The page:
In a single-room Cypress Park office, comedians Al Madrigal and Bill Burr spearhead the efforts of the six dozen comics who make up the collective All Things Comedy. Their enterprise, which began in October 2012, emphasizes DIY over decor — concrete, brick, single corner computer, a green-felt poker table holding six Shure microphones.
What began as a podcast network offering artists full ownership and 100 percent of net profits expanded in March to include All Things Records. Its first release was Jackie Kashian's instant-download special, This Will Make an Excellent Horcrux, followed in May by Sam Tripoli's album, Believe in Yourself, and in June by Brian Scolaro's Live at the Comedy Castle. Both appeared on iTunes' Top Comedy Albums chart thanks to collaborative tweeting from fellow ATC talent.
Madrigal, whose Why Is the Rabbit Crying? was released last year by the more established label Comedy Central Records, explains: “We can reach everyone directly thanks to social media.”
With traditional album deals, Burr says, “You get in business with someone else, all the money goes to that other party, and then that other party tells you how much you've made. And they call you up every quarter and they're like, 'Nah, didn't make any money.' And somehow they're all driving nice cars, in this nice building, and everything stays afloat. Then if you turn around and go to audit them, you get labeled as difficult.”
The once-dominant Warner Bros. Records (label of Bob Newhart, Bill Cosby and Steve Martin) today distributes the likes of Jeff Foxworthy, Adam Sandler and even Jimmy Fallon, and indies such as Los Angeles' Laff Records (Richard Pryor, Redd Foxx) and George Carlin's Eardrum Records once challenged the majors.
But technological advancements now enable an increasing number of independent labels to produce and distribute an equally increasing amount of artists' work. Alongside New York's BSeen Media and San Francisco's Rooftop Comedy, L.A. has contributed the lion's share, with ATC, ASpecialThing Records, Comedy Dynamics and Conan O'Brien's Team Coco Records, which formed in May and on June 10 released Ian Edwards' digital album, 100% Half-Assed.
Some performers simply avoid labels altogether, instead self-releasing their work — or, in the case of New York's Louis C.K., championing the output of peers Tig Notaro and Todd Barry. But as self-releasers such as C.K., Jim Gaffigan and Aziz Ansari can attest, logistics and payoff remain far from uniform, and eliminating middlemen might not be ideal for everyone.
The new wave of indie labels can be a middle ground between big-time conglomerates and setting out alone.
Jack Vaughn created Comedy Central Records but in 2012 left the Viacom company for New Wave Dynamics; recently renamed Comedy Dynamics, it's the label arm of Burbank production company New Wave Entertainment. He has since produced about 50 releases and netted 2014 Grammy nominations for Bob Saget's That's What I'm Talkin' About and Craig Ferguson's I'm Here to Help.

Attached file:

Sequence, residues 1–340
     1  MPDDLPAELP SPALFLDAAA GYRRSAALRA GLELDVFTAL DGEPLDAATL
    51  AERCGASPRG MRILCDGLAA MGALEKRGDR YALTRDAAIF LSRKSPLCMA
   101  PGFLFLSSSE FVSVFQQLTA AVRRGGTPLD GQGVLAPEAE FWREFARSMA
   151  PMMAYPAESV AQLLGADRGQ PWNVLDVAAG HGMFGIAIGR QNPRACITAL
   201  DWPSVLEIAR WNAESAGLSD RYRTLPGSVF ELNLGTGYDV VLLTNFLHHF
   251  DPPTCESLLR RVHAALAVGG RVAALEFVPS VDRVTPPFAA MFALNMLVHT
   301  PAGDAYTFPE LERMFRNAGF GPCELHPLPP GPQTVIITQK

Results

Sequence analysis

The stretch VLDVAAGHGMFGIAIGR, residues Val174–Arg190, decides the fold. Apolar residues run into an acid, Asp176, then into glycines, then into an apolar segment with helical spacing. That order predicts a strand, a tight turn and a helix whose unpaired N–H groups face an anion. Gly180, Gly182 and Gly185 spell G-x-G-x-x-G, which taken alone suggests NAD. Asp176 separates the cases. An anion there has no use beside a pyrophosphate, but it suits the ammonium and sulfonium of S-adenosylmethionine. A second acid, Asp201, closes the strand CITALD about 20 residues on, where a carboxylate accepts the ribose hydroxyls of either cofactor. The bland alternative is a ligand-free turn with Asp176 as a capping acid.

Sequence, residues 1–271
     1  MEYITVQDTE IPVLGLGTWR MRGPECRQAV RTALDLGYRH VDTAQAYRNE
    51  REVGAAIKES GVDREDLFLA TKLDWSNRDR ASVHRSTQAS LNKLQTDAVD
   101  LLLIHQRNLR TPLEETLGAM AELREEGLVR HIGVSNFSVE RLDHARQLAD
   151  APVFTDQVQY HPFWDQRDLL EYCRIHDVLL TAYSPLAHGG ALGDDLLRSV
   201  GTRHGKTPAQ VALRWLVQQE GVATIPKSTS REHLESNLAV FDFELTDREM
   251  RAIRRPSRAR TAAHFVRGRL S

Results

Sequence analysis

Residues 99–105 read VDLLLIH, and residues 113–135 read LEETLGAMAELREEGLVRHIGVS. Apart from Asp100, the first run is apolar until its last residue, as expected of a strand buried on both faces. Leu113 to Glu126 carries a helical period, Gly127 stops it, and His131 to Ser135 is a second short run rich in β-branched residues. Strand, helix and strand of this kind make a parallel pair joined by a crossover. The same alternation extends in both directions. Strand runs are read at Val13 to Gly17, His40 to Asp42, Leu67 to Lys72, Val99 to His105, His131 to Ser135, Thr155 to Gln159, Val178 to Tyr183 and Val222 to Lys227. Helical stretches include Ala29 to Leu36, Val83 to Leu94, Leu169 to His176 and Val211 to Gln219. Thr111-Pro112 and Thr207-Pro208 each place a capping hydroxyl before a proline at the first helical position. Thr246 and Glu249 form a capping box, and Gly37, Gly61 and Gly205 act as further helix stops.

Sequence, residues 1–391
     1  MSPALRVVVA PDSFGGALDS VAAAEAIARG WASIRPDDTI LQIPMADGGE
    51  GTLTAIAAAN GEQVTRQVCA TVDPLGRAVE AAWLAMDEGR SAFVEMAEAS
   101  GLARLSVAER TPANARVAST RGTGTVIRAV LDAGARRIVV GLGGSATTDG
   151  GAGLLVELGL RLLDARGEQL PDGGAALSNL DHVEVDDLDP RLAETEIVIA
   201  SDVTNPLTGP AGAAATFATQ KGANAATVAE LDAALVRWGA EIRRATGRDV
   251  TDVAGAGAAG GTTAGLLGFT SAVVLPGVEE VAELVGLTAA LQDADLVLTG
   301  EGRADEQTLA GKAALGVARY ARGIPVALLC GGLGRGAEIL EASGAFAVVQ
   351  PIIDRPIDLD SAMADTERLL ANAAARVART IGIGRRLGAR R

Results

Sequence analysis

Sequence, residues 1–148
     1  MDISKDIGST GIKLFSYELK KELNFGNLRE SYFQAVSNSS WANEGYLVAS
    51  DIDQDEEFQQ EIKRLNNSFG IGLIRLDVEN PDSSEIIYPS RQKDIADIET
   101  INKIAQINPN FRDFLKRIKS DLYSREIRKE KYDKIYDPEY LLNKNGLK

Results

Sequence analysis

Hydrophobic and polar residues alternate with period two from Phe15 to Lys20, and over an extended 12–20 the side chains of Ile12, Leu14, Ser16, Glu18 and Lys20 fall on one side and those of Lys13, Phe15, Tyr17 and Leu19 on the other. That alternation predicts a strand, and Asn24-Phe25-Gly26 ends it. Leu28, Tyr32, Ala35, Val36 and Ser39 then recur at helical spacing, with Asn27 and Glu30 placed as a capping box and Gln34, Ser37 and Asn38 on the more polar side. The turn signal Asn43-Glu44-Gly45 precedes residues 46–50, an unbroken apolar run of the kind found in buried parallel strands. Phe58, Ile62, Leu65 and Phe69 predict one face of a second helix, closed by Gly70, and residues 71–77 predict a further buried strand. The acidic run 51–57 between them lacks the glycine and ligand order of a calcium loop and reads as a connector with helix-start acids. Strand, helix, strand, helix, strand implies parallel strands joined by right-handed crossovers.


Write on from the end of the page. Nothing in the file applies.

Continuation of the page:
“Comics can absolutely release albums and specials themselves, and some are very good,” Vaughn says. “But to quote Mitch Hedberg, 'It's like asking a chef if he can farm.' The problem is there is a ton of material in the market, and the question becomes, Who is going to get you the best deal, exposure and promotion to make you stand out?”
“The more options available to comics, the better,” agrees ASpecialThing Records co-founder Ryan McManemin, who with Matt Belknap turned message board aspecialthing.com into a working label with the 2007 release of Jen Kirkman's Self Help. “Self-releasing can be a good idea if you already have a built-in fanbase, but chances are comics will still have to hire people to record, edit, wrangle the artwork, print, etc. There's also the issue of distribution — record stores still exist and are a viable revenue stream. A lot of people would rather have somebody else worry about all of this stuff and just focus on the comedy.”
If All Things Comedy represents community collaboration to get the word out and Comedy Dynamics is professional marketing push, the 7-year-old ASpecialThing built its reputation on supporting emerging talent (Kyle Kinane, Brent Weinbach) and alternative comedy mainstays (Paul F. Tompkins, Doug Benson) across its three dozen–plus releases.
Of course, the question of whether to go with a major label, an indie or self-releasing ultimately comes down to the opportunities offered.
As Edwards, who co-hosts ATC podcast Soccer Comic Rant, puts it, “When an established comedy entity says, 'We want to do your album,' and they have an audience that they can reach for you, and they have the technical capabilities and they're good people and they want to make you some money for it, and you can be first? You can't turn that down! I'm pretty stupid sometimes, but I could figure this one out.”
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